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Canajoharie, NY ,

Linda Kellett - In this file photo, patrol cars and the vehicles of pet rescue representatives are parked alongside this barn at 7145 state Route 5S between Airport and Sanders roads in the town of Minden where more than 50 dogs and puppies were seized in early January. The building has since been destroyed in a fire of suspicious origin.

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Minden canine owner gives up claims in court

Thursday, February 28, 2013 - Updated: 10:28 AM

By LINDA KELLETT

C-S-E News Staff

MINDEN — Area residents arrested in connection with the early-January seizure of more than 50 dogs and puppies from a town of Minden barn appeared with their attorneys in front of Minden Justice Frank Alford Monday. By night’s end, the disposition of all but four of the canines was resolved, with one of the defendants giving up all claims to the animals.

Present were Joseph Marriott of Park Street, Gloversville, and Diane and Paul Marriott of Center Street, Fort Plain, who were represented by Fort Plain attorney Richard Weinheimer and civil rights attorney Elmer Robert “Bob” Keach III of Amsterdam, respectively.

Others in the courtroom for the lengthy proceedings included Montgomery County Assistant District Attorney William J. Mycek; attorney Jonathan Schopf, of the Vincelette Law Firm, who represented the nonprofit rescue group Out of the Pits; animal shelter representatives; self-described "interested parties"; and dozens of people with regular court business. Most of those cases were adjudicated by Minden Justice Susan Buddles.

Security for the session was beefed up, as well, as a number of Fort Plain Police officers and a Montgomery County Sheriff's deputy were among those on hand in the packed courtroom. There were no problems or incidents.

The Marriotts were charged late last month with 52 counts of animal cruelty in violation of Section 353 of Agriculture and Markets Law, accused of overdriving, torturing and injuring animals; failure to provide proper sustenance.

According to State Police, officials executing the search warrant at the barn at 7145 state Route 5S on Jan. 2 allegedly found uninhabitable conditions including an unheated and element-exposed structure, frozen water, a deceased canine, and many of the canines lying in fecal matter.

They also reported finding dogs suffering from various health-related issues including frostbite, open sores and worms.

Additionally, Joseph Marriott was charged with second-degree criminal possession of marijuana for allegedly possessing more than 16 ounces of marijuana, second-degree aggravated harassment for allegedly posting a threat to a local shelter employee, and unlawful possession of marijuana.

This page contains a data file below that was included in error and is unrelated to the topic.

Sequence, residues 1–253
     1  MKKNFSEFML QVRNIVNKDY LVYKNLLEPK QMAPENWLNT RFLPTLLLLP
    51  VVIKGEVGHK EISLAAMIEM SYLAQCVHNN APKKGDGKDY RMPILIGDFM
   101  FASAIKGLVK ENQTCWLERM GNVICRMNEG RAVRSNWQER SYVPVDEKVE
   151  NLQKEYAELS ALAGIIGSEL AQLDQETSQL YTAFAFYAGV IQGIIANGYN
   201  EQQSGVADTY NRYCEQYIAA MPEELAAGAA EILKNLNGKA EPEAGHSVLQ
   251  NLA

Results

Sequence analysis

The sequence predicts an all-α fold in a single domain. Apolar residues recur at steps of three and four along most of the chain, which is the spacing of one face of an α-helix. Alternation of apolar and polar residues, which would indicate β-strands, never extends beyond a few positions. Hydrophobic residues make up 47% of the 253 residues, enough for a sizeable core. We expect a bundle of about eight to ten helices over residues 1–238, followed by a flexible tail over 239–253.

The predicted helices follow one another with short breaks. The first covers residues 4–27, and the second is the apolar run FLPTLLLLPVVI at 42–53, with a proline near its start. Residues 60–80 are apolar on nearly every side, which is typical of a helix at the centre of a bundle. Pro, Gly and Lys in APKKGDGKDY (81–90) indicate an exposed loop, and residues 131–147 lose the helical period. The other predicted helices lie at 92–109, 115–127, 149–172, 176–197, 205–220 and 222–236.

Early in Monday night’s proceedings, the younger Marriott accepted a plea bargain offered by the District Attorney’s Office.

Weinheimer said he felt he could mount a good defense against the animal cruelty charges; however the younger Marriott faced a state prison sentence because of the felony drug charge incident to the dog investigation, which basically required us to resolve because that was more serious.

Consequently, Joseph pleaded guilty to a misdemeanor marijuana charge and was sentenced to 30 days in jail. Additionally, he is required to pay a $1,000 fine and $205 surcharge, said Weinheimer. He said the aggravated harassment charge was dropped.

With regard to the dog matter, Weinheimer said Joseph pleaded guilty to one count of failure to provide sustenance. Additionally, he forfeited any interest in the dogs that were confiscated. In turn, there would be no restitution required.

“It was a resolution acceptable to him,” the attorney said, noting the agreement resolved the entire matter.

“I suppose in some small way, justice was done; and it was a good resolution for my client,” Weinheimer said, noting it was unclear how many dogs actually belonged to Joseph Marriott.

Marriott was transported directly to the Montgomery County Jail to begin serving his sentence.

None of the criminal charges was addressed with regard to the case against Diane and Paul Marriott.

Following protracted discussions among the attorneys and clients, a partial disposition was reached about the status of 48 of the animals; however Paul and Diane Marriott said they wished to recover their four pets: Electra, Abigail, Cherokee and Lily. Consequently, the court proceeded to a security bond hearing for the four dogs.

As noted in Section 353 of Agriculture and Markets Law, that bond “shall be in an amount sufficient to secure payment for all reasonable expenses expected to be incurred by the impounding organization in caring and providing for the animal pending disposition of the charges. Reasonable expenses shall include, but not be limited to, estimated medical care and boarding of the animal for at least 30 days.”

Weinheimer said the bond is essentially a deposit left with the court. “It’s a mechanism to make sure the animals are paid for in the end,” he said.

During the hearing that followed, State Police Investigator Gibney detailed the events leading up to and following the execution of a search warrant at the Route 5S barn, noting that he investigated based on a complaint by an individual who purchased a puppy from Joseph Marriott. The animal was alleged to have coccidia, worms and anemia.

After consulting with Minden Dog Control Officer and Rabies Response Agent James Brownell and obtaining a statement from Fort Plain Police about conditions at that address, he obtained a search warrant signed by Justice Buddles. Throughout his testimony, which included photos depicting conditions in the barn, Gibney maintained the barn was dilapidated and drafty with missing windows, doors and blowing snow. The temperature was 14 degrees, he said. Water in bowls was frozen, and feces and urine were throughout the barn.

Gibney confirmed that there was some food in bags in the barn. He also said he had no idea when the water bowls were filled. Keach suggested fresh water placed in the bowls in the morning could have frozen before the owner could refill them after work that evening.